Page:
Four Things To Watch On Election Day

From the Morning Memo:

It’s Election Day! Polls open at 6 a.m. and close at 9 p.m. in New York statewide. Remember to go vote. It’s a vitally important way of having your voice be heard in our country governs itself. And since you’re probably an engaged citizen to begin with given you’ve come to this blog, remember to call a friend and bring them to the polls as well.

Here are four things to watch for today.

1. Democratic sweep.

Democrats are poised to gain total control of every chamber of the Legislature and statewide office this year for the first time since 2009-10, when the party had an ill-fated majority in the state Senate. That leadership from that time has completely turned over since. Republicans for the last 10 years have managed to cobble together a majority over the years with the occasional help of the now-defunct Independent Democratic Conference and currently with Democratic Sen. Simcha Felder, who sits with the Senate GOP. But convincing victories on Long Island, the Hudson Valley and even in several upstate seats could end the last lever of power Republicans hold statewide. Adding to that is a surge in Democratic enrollment in New York, making this blue state even bluer.

2. Who gets the most votes?

Gov. Andrew Cuomo is at the top of the ticket and, unless polling has been catastrophically wrong, he’s likely to receive a third term over Republican Marc Molinaro. But he’s also sharing the ticket with Democrats like U.S. Sen. Kirsten Gillibrand and Comptroller Tom DiNapoli, two proven vote-getters in statewide elections. At the same time, the top of the gubernatorial ticket is a relatively competitive one, given the three independent party candidates like Larry Sharpe of the Libertarians, Howie Hawkins of the Green Party and former Syracuse Mayor Stephanie Miner running on the Serve American Movement ballot line. All have the potential draw protest votes from both Cuomo and Molinaro. Nevertheless, turnout is expected to be far higher than the 30 percent or so in 2014.

3. Senate watch

As Republicans seek to hold their majority, the most competitive races are relatively crammed into two areas of the state: Long Island and the Hudson Valley. Suffolk and Nassau counties in particular have been longtime GOP strongholds, with Republicans at their most powerful when they have won a clean sweep of the so-called “Long Island 9” — all of the districts in those two counties. Democrats last made significant in-roads on Long Island in the 2008 campaign, winning key races in Nassau and Suffolk counties to break up the Long Island 9. Democrats dashed it again with the victory of Sen. Todd Kaminsky in a special election to replace the scandal-scarred former majority leader, Dean Skelos. But if this is a true wave year for Democrats, its possible the party will have successes in additional races higher up in the Hudson Valley, Capital Region and central New York.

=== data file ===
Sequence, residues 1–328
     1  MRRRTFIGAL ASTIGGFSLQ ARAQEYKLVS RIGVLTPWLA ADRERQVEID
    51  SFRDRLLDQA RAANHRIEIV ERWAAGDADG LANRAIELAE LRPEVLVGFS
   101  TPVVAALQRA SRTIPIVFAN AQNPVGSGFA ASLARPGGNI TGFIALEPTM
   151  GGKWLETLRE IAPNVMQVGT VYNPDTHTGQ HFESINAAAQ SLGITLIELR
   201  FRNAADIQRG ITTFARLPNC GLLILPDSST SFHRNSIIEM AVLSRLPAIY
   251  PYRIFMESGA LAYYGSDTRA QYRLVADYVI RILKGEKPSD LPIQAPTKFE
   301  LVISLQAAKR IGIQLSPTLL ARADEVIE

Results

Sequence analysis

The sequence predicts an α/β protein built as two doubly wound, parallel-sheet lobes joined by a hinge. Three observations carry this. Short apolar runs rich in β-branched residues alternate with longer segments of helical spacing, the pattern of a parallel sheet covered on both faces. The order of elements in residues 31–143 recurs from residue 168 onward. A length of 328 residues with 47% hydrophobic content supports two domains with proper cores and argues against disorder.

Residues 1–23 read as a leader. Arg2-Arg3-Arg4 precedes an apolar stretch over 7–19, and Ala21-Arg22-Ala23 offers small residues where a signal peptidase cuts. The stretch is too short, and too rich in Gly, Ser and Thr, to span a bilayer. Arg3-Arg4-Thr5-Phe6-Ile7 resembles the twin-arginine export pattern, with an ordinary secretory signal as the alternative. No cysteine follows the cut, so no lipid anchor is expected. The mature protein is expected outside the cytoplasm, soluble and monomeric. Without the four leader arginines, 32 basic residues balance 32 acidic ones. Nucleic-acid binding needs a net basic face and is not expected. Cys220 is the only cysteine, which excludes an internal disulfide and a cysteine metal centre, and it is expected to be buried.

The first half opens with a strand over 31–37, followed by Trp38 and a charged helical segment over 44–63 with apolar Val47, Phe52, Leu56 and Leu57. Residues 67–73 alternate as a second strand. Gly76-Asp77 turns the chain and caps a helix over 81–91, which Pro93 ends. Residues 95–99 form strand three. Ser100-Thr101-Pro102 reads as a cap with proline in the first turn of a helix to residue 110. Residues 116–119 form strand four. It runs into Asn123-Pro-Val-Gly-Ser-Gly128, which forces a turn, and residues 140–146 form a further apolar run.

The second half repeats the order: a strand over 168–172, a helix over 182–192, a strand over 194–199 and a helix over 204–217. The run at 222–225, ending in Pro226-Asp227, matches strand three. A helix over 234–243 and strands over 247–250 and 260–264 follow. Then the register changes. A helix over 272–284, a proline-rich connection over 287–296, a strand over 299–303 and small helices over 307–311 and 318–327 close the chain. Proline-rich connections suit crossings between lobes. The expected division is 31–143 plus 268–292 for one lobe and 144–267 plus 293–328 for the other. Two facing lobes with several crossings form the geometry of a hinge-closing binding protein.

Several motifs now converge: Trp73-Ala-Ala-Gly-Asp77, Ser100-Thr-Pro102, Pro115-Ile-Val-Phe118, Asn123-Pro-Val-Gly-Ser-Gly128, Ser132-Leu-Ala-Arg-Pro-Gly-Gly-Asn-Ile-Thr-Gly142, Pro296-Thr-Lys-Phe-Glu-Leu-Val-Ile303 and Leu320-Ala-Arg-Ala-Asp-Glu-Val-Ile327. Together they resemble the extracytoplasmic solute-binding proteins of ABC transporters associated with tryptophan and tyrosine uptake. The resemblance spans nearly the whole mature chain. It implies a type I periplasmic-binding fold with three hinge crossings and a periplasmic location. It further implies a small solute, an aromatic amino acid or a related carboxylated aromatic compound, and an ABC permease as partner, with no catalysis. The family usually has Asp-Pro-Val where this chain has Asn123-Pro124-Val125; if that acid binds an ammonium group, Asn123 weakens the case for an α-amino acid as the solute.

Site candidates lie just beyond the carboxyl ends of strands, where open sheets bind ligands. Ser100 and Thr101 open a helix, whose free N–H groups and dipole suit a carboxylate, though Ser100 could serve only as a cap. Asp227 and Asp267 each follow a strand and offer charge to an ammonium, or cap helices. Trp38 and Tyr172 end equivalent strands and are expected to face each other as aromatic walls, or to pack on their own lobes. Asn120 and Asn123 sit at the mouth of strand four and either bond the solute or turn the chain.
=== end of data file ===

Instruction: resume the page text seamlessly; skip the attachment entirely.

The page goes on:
4. Will New York flip the House?

There are a handful of competitive House races around the state this year, partially by dint of President Donald Trump’s unpopularity or the unpopularity of the incumbent. Rep. Chris Collins is seeking re-election to his heavily Republican House seat amid insider trading charges. Democrats are trying once again after several failed attempts to flip the 19th district in the Hudson Valley. If Republicans want to hold the House of Representatives, they’ll have to notch victories in New York to do so.

Flanagan Blasts Cuomo, Defends Golden

Senate Majority Leader John Flanagan blasted Gov. Andrew Cuomo on Monday in a phone interview, insisting Republicans would retain control of the chamber and that the down-ballot races would hinge on state and local issues, not President Donald Trump.

Cuomo in Brooklyn earlier in the day appeared with Democratic state Senate candidate Andrew Gounardes, Golden’s opponent. Speaking with reporters after the rally, Cuomo said the race wasn’t about Golden, but about Trump’s record and rhetoric.

“This isn’t about Marty Golden. They are carrying Donald Trump’s message,” the governor said. “They’re not in charge. This is led by the top. They’re carrying the Trump agenda,” Cuomo said. “He is the dictator — Trump — of the Republican Party. So it doesn’t really matter what Marty Golden thinks.”

Flanagan in the phone interview said Cuomo’s attack on Golden was hypocritical.

“I am incredulous and it’s beyond belief the hypocrisy that’s coming from the governor,” he said. “The governor wants to talk about everyone else except his own record. The arrogance that it doesn’t matter what Marty Golden thinks is unbelievable.”

He called Cuomo’s criticism “unwarranted” and “undeserved”

“That’s unmitigated gall,” he said. “I’ll work with Marty Golden any day of the week. He’s a superb public servant.”

The Brooklyn Senate race is one of a handful of battleground Senate districts around the state, with many of the contests playing out on Long Island and in the Hudson Valley, as well as a race in central New York.

Republicans hold a one-seat majority in the chamber with the aid of Brooklyn Sen. Simcha Felder, a Democrat who conferences with the GOP.

And the campaign for the seat, long eyed by Democrats as a potential pickup opportunity, has become increasingly heated.